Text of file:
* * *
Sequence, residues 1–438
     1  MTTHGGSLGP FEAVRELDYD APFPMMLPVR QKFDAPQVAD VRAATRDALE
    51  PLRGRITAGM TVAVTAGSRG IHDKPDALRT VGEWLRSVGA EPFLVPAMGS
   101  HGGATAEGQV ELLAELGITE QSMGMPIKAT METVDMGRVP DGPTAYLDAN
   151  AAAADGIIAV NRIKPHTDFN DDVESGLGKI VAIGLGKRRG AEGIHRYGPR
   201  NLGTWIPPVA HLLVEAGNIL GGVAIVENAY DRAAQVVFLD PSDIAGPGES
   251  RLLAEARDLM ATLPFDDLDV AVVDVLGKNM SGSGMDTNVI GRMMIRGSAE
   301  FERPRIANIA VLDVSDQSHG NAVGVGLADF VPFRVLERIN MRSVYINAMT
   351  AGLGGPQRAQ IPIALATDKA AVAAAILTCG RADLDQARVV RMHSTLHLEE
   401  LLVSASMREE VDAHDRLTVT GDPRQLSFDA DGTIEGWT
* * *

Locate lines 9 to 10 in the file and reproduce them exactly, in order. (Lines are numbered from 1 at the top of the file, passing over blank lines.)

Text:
   351  AGLGGPQRAQ IPIALATDKA AVAAAILTCG RADLDQARVV RMHSTLHLEE
   401  LLVSASMREE VDAHDRLTVT GDPRQLSFDA DGTIEGWT